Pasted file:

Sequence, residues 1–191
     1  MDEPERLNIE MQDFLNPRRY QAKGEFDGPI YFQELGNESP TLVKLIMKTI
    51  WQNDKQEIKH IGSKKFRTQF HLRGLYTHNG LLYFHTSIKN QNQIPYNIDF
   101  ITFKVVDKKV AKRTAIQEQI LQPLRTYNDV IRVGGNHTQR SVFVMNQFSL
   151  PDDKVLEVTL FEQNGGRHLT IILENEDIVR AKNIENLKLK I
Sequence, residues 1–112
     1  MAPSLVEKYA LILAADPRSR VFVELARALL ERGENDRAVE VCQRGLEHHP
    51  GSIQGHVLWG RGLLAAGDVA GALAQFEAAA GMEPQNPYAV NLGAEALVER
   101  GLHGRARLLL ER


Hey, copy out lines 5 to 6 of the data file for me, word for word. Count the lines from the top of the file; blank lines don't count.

   151  PDDKVLEVTL FEQNGGRHLT IILENEDIVR AKNIENLKLK I
Sequence, residues 1–112